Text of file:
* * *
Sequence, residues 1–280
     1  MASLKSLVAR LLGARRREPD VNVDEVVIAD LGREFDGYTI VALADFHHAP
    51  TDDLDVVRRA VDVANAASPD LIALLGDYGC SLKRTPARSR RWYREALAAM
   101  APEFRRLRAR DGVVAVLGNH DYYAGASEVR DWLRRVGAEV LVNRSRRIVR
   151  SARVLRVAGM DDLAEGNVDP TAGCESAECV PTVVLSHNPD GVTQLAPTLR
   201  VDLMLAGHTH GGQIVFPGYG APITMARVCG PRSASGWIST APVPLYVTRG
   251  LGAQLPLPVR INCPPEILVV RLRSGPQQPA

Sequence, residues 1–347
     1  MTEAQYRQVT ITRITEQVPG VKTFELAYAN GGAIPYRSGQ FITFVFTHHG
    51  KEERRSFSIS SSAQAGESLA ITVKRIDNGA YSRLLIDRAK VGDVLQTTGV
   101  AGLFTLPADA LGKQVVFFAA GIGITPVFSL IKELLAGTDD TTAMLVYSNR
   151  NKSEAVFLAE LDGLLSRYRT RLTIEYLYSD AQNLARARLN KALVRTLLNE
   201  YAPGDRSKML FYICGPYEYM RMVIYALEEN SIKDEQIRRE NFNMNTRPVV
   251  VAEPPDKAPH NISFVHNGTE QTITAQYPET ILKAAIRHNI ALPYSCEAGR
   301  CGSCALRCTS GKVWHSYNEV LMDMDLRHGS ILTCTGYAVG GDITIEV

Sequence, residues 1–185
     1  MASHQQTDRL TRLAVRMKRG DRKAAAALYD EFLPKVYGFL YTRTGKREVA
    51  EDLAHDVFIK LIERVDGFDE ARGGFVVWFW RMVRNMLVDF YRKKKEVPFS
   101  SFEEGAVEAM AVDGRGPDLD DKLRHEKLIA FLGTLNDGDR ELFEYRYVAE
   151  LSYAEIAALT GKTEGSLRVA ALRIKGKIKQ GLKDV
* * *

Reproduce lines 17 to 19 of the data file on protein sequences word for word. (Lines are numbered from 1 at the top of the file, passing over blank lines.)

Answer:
     1  MASHQQTDRL TRLAVRMKRG DRKAAAALYD EFLPKVYGFL YTRTGKREVA
    51  EDLAHDVFIK LIERVDGFDE ARGGFVVWFW RMVRNMLVDF YRKKKEVPFS
   101  SFEEGAVEAM AVDGRGPDLD DKLRHEKLIA FLGTLNDGDR ELFEYRYVAE